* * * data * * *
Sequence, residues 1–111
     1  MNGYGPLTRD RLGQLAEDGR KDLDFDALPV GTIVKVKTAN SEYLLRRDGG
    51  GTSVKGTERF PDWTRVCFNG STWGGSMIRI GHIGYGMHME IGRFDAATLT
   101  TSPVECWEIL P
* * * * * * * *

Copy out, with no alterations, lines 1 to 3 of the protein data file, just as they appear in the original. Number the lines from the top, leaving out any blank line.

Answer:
Sequence, residues 1–111
     1  MNGYGPLTRD RLGQLAEDGR KDLDFDALPV GTIVKVKTAN SEYLLRRDGG
    51  GTSVKGTERF PDWTRVCFNG STWGGSMIRI GHIGYGMHME IGRFDAATLT